7 Tips for Dealing with a Sensitive Hairline

By Chinwe of Hair and Health

Like some of you, I have a sensitive hairline. Do not be fooled by the thick edges. Lol. My hairline has had a couple weak moments over the years, so I consistently monitor the area and give it extra TLC to keep it healthy. Here are some tips that have helped me and may help you:

1. Minimize pulling the hair back too tight

Pulling the hair back tautly causes tension along the hairline and may result in broken hairs or hair loss over time. Styles in which the hair is pulled back should be worn minimally and/or loosely. Because of my sensitive hairline, I opt for loose, pinned updos that allow my hairline to breathe and stay away from tight buns. If the style hurts, then listen to your hairline.

2. Opt for a polyester/silk pillow case instead of a silk scarf

Polyester/silk scarves worn while you sleep can damage the hairline if tied tightly. Your edges will be happier if you sleep on a polyester/silk pillow case or wrap the scarf (if it’s large enough) around your pillow. Another option is to sleep in a polyester/silk bonnet, but beware of the ones that expose the elastic. Whichever method you choose, you can wrap a scarf around your edges for a few minutes in the morning to lay them down, undo the scarf, and you’re good to go. It’s healthier than sleeping with a scarf around your edges all night long. (NOTE: Polyester and silk come in satin, charmeuse, chiffon, and other weaves. Opt for satin or charmeuse, which are smooth weaves.)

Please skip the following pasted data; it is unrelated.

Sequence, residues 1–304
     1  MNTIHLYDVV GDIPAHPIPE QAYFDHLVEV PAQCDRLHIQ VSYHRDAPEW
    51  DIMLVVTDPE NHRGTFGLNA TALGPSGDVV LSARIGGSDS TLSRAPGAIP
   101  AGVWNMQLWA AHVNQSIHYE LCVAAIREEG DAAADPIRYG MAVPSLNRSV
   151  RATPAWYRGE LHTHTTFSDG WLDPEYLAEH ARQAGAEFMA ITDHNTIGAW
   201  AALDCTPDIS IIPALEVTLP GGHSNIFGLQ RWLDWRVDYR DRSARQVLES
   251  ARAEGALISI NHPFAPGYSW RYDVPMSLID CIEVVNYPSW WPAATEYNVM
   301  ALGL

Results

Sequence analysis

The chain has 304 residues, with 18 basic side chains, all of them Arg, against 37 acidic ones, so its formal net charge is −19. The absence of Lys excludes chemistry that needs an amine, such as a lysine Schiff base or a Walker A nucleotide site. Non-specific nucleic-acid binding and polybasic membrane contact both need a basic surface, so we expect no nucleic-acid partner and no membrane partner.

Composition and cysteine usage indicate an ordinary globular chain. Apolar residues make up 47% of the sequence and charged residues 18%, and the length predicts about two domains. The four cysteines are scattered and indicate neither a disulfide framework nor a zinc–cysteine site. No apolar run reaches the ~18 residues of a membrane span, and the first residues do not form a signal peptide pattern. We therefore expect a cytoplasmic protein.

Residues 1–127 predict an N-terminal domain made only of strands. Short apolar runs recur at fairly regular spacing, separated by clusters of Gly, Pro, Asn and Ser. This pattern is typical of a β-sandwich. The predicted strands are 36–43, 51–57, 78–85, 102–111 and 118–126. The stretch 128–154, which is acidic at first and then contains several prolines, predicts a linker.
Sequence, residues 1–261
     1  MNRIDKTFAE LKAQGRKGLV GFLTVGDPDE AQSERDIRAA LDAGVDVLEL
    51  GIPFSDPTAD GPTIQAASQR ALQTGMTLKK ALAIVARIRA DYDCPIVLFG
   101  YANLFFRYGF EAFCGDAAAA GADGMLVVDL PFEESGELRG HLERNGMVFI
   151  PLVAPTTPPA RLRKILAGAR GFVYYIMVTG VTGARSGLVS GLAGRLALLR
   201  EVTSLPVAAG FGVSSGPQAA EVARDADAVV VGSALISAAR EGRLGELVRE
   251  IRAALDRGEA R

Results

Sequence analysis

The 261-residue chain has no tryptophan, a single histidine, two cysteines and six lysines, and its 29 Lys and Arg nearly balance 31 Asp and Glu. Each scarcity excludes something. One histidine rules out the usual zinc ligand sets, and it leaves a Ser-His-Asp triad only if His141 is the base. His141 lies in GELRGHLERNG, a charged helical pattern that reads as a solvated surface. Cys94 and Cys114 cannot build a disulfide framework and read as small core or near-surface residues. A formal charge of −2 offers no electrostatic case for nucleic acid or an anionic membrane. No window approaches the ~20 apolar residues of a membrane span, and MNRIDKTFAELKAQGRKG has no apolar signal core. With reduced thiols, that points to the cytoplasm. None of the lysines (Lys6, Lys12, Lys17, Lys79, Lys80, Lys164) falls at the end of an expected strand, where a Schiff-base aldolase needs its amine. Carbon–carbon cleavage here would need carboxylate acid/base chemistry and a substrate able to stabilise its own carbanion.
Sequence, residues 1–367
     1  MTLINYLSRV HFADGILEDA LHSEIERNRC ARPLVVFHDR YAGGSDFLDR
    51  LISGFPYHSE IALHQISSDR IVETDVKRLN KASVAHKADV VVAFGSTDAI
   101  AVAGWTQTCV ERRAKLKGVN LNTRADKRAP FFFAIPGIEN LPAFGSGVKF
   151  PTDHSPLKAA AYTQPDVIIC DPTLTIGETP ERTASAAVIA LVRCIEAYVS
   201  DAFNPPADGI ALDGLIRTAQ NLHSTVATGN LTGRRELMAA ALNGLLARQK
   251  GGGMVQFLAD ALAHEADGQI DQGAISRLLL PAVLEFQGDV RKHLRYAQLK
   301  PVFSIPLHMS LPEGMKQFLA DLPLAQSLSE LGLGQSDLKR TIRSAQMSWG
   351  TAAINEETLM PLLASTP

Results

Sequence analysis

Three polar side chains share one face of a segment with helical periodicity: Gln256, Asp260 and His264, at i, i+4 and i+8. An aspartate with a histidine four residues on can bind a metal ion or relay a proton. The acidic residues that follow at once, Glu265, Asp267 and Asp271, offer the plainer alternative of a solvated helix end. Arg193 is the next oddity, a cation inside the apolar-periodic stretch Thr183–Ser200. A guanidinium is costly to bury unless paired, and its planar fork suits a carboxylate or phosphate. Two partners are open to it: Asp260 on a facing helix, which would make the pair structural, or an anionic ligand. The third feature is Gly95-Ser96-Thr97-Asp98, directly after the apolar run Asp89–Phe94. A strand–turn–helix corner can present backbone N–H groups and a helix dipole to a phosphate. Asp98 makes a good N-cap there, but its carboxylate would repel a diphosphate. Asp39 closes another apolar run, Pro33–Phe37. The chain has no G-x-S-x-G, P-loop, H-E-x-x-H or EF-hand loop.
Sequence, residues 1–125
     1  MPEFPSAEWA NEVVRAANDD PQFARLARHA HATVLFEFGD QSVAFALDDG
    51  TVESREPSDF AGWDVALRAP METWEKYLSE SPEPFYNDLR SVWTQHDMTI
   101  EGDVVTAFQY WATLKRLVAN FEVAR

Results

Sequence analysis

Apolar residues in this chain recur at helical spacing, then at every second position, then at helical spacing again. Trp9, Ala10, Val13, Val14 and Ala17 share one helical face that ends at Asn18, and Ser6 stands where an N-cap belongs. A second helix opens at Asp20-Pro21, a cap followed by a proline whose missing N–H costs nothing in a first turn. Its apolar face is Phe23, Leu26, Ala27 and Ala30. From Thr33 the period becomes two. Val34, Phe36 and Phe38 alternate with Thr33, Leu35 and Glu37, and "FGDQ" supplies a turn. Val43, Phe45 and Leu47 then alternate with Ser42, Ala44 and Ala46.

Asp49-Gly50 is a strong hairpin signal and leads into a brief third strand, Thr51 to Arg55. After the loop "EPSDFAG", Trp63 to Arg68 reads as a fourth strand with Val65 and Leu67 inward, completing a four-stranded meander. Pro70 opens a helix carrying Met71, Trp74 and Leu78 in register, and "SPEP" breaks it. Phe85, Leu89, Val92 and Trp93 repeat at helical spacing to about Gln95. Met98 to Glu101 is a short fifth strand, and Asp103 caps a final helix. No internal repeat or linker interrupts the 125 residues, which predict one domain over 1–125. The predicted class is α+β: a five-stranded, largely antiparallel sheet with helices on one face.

3. Apply natural butters/oils and then massage 2-5x a week

This is particularly important for a recovering hairline. Natural butters (e.g., mango, shea) and oils (e.g., coconut, olive, castor) contain substances that can soothe and nourish the scalp along the edges. For example, shea butter and mango butter contain Vitamin A, which plays an important part in the growth and maintenance of the follicles. Additionally, massaging the hairline may stimulate growth.

4. Don’t sleep in a ponytail, bun, or updo

If your hairline is sensitive, this is the worst thing you can do it. Trust me; I’ve been there. As you toss and turn at night, pulling can occur and your hairline can suffer. Some women can get away with this, but if you have a sensitive hairline, it is best to just sleep with your hair wrapped (in a bonnet) or in several loose and big plaits/twists.